18. Childhood abuse and deprivation are associated with distinct sex-dependent differences in brain morphology.

    Science.gov (United States)

    Everaerd, Daphne; Klumpers, Floris; Zwiers, Marcel; Guadalupe, Tulio; Franke, Barbara; van Oostrom, Iris; Schene, Aart; Fernández, Guillén; Tendolkar, Indira

    2016-06-01

    Childhood adversity (CA) has been associated with long-term structural brain alterations and an increased risk for psychiatric disorders. Evidence is emerging that subtypes of CA, varying in the dimensions of threat and deprivation, lead to distinct neural and behavioral outcomes. However, these specific associations have yet to be established without potential confounders such as psychopathology. Moreover, differences in neural development and psychopathology necessitate the exploration of sexual dimorphism. Young healthy adult subjects were selected based on history of CA from a large database to assess gray matter (GM) differences associated with specific subtypes of adversity. We compared voxel-based morphometry data of subjects reporting specific childhood exposure to abuse (n=127) or deprivation (n=126) and a similar sized group of controls (n=129) without reported CA. Subjects were matched on age, gender, and educational level. Differences between CA subtypes were found in the fusiform gyrus and middle occipital gyrus, where subjects with a history of deprivation showed reduced GM compared with subjects with a history of abuse. An interaction between sex and CA subtype was found. Women showed less GM in the visual posterior precuneal region after both subtypes of CA than controls. Men had less GM in the postcentral gyrus after childhood deprivation compared with abuse. Our results suggest that even in a healthy population, CA subtypes are related to specific alterations in brain structure, which are modulated by sex. These findings may help understand neurodevelopmental consequences related to CA. PMID:26576924

  19. L-Phenylalanine preloading reduces the (10)B(n, α)(7)Li dose to the normal brain by inhibiting the uptake of boronophenylalanine in boron neutron capture therapy for brain tumours.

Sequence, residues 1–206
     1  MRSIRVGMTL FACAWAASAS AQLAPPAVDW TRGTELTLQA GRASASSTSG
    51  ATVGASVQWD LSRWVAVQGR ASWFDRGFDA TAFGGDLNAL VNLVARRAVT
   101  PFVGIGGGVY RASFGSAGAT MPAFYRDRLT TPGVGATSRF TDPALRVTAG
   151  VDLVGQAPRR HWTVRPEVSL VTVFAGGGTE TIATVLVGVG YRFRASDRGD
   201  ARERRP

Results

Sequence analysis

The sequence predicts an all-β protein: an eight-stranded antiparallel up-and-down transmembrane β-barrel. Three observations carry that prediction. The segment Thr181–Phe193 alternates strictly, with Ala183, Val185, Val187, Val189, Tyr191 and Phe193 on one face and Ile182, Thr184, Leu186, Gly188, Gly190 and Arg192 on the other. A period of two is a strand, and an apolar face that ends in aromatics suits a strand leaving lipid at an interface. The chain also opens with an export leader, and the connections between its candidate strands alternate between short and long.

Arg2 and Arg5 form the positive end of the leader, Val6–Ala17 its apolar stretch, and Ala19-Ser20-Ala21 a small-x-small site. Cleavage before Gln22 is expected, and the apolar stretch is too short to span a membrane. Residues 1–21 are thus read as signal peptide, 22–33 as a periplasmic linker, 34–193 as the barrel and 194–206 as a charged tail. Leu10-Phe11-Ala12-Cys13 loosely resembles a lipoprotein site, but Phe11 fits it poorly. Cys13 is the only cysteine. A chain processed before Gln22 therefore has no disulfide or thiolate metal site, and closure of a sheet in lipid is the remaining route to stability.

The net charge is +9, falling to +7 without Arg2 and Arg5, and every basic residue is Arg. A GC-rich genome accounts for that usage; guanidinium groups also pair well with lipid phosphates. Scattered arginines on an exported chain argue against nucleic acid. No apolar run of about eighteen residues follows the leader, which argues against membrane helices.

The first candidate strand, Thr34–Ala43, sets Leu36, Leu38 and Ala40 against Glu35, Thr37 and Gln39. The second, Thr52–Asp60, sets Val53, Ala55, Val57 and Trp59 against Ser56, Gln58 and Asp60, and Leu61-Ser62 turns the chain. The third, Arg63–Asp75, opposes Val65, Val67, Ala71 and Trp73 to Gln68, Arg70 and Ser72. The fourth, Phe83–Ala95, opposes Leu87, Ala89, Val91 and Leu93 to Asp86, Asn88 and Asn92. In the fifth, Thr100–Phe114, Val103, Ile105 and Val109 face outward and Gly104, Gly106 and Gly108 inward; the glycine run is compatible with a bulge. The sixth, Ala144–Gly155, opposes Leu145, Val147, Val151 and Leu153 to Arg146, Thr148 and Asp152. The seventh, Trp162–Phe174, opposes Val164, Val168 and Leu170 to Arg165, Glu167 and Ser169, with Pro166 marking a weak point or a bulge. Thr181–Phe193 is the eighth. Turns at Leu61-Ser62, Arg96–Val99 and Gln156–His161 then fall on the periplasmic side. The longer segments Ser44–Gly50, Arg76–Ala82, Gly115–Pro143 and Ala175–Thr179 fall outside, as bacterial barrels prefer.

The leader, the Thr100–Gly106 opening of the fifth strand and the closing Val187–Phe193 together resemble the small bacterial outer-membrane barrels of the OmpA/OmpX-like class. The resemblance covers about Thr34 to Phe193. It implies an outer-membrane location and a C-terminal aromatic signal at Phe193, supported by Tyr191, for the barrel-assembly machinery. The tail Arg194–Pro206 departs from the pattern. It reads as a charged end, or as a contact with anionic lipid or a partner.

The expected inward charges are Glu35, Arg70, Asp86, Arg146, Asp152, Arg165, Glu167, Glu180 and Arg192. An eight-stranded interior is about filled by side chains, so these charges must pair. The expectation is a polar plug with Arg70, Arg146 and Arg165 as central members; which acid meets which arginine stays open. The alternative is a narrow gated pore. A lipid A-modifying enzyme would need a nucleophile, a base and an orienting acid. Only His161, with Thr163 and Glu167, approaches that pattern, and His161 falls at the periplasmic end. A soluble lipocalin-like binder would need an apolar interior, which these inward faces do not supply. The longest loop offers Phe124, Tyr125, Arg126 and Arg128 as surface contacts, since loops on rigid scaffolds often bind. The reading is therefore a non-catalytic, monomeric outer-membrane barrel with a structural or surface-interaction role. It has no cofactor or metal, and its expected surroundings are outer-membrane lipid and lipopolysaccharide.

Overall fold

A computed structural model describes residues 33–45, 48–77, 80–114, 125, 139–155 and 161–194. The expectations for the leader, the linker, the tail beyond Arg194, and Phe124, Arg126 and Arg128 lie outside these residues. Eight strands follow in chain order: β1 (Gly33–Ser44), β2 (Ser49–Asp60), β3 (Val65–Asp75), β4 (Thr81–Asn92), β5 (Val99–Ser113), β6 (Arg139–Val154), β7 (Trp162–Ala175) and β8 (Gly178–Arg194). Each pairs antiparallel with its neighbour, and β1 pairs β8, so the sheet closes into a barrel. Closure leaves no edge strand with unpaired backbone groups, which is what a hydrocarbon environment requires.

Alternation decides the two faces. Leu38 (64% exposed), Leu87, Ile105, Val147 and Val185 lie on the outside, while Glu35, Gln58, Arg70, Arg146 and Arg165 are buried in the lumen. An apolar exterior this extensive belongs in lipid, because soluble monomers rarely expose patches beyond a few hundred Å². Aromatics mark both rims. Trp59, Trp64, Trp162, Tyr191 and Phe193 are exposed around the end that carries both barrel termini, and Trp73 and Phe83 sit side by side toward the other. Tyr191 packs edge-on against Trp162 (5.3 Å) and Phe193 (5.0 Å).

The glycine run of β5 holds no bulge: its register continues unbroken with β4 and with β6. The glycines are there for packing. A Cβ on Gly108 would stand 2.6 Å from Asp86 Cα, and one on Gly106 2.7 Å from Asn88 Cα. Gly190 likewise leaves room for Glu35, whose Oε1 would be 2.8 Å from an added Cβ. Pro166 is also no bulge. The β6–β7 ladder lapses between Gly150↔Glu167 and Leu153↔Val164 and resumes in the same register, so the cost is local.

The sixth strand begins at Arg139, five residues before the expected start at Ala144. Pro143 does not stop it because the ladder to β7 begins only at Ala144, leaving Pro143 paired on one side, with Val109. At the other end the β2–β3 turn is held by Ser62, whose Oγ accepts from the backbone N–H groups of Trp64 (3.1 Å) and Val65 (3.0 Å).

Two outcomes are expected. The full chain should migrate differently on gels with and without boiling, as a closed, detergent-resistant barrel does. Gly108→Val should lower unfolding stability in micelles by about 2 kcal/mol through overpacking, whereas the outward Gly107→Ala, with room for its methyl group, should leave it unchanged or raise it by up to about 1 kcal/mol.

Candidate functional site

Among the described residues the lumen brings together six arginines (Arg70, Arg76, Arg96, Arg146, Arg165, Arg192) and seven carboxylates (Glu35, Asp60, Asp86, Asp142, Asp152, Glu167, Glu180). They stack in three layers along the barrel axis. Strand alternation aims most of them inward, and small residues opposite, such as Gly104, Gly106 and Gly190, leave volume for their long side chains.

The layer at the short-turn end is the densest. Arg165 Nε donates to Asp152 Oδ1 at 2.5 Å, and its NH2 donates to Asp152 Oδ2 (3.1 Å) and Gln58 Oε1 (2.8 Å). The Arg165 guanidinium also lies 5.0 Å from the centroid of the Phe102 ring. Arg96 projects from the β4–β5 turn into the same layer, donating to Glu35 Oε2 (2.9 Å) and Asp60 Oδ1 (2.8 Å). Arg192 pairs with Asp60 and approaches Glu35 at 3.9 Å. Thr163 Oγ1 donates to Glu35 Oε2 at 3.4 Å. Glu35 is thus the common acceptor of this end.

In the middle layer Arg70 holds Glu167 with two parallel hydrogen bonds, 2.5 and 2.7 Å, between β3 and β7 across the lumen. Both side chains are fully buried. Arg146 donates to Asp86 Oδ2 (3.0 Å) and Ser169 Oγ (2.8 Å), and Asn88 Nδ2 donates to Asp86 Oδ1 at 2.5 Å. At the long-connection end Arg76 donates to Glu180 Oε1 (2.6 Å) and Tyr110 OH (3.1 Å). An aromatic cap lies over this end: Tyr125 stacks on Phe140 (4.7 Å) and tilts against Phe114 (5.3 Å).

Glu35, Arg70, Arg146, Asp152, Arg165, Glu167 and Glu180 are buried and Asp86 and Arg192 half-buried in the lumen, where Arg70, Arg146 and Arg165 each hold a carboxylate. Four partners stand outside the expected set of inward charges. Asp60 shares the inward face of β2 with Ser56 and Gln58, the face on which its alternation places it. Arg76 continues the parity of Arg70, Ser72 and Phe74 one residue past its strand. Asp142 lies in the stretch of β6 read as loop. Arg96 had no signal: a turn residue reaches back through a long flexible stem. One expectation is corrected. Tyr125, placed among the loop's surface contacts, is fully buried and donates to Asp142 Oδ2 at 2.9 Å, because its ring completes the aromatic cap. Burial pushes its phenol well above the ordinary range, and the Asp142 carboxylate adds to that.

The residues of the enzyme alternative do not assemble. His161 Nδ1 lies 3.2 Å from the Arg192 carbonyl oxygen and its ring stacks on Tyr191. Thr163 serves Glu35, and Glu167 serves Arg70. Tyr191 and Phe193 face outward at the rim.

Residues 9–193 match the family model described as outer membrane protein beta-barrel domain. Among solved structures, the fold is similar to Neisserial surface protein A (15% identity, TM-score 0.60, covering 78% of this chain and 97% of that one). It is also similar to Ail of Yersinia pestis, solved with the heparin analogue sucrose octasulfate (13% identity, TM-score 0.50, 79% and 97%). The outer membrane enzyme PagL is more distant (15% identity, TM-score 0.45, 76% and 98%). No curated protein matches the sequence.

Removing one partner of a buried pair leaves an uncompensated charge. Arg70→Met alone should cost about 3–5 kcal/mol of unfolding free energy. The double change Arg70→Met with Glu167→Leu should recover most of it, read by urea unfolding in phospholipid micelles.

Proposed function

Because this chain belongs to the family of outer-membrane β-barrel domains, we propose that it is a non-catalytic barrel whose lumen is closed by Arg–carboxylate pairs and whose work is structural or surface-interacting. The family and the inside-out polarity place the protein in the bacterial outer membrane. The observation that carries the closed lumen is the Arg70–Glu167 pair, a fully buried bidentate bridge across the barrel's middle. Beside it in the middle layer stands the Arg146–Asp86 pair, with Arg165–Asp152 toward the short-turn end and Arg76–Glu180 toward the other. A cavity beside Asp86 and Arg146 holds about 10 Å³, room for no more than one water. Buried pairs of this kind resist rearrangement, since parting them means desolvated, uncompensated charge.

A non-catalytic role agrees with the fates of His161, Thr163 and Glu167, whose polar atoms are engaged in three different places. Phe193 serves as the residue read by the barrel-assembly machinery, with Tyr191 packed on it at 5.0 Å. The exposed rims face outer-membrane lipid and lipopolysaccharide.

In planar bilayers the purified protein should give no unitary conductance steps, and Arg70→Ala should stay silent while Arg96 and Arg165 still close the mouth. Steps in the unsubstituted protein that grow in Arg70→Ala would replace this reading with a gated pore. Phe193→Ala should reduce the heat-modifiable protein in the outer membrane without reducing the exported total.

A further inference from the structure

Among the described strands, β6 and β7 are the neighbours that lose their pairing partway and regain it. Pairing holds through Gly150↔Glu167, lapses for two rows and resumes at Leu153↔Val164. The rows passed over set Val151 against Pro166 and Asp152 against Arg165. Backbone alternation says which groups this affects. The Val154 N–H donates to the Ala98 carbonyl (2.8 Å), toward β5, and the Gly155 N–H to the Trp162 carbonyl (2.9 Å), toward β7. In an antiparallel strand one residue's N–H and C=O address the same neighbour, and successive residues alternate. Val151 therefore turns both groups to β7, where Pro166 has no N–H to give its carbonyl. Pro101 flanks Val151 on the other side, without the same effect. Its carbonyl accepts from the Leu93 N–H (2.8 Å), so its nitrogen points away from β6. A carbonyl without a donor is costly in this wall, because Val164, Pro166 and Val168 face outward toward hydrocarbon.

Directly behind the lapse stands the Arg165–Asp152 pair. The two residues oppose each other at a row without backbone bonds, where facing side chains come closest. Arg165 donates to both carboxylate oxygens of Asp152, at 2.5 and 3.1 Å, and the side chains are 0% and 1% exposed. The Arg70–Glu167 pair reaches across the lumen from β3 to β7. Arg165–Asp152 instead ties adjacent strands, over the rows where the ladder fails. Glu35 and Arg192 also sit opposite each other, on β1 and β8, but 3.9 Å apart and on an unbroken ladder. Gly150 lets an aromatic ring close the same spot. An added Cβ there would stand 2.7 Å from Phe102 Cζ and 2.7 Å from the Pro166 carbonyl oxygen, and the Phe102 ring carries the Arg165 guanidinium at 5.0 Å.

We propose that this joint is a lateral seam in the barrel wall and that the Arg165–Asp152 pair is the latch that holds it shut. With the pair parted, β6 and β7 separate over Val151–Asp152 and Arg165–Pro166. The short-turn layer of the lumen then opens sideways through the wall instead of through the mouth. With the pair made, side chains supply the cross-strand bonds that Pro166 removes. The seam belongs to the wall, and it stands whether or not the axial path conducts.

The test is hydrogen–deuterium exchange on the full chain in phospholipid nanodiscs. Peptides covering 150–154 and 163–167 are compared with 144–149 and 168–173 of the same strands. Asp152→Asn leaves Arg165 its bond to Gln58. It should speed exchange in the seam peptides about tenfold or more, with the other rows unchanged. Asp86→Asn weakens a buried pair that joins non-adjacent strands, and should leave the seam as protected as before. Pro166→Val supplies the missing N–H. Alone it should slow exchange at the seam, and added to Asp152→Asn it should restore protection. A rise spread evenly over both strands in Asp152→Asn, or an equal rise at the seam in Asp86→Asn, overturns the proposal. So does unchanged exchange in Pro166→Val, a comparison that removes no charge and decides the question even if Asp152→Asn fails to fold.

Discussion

Science.gov (United States)

    Watanabe, Tsubasa; Tanaka, Hiroki; Fukutani, Satoshi; Suzuki, Minoru; Hiraoka, Masahiro; Ono, Koji

    2016-01-01

    Boron neutron capture therapy (BNCT) is a cellular-level particle radiation therapy that combines the selective delivery of boron compounds to tumour tissue with neutron irradiation. Previously, high doses of one of the boron compounds used for BNCT, L-BPA, were found to reduce the boron-derived irradiation dose to the central nervous system. However, injection with a high dose of L-BPA is not feasible in clinical settings. We aimed to find an alternative method to improve the therapeutic efficacy of this therapy. We examined the effects of oral preloading with various analogues of L-BPA in a xenograft tumour model and found that high-dose L-phenylalanine reduced the accumulation of L-BPA in the normal brain relative to tumour tissue. As a result, the maximum irradiation dose in the normal brain was 19.2% lower in the L-phenylalanine group relative to the control group. This study provides a simple strategy to improve the therapeutic efficacy of conventional boron compounds for BNCT for brain tumours and the possibility to widen the indication of BNCT to various kinds of other tumours.

  20. A role for the malignant brain tumour (MBT domain protein LIN-61 in DNA double-strand break repair by homologous recombination.

    Directory of Open Access Journals (Sweden)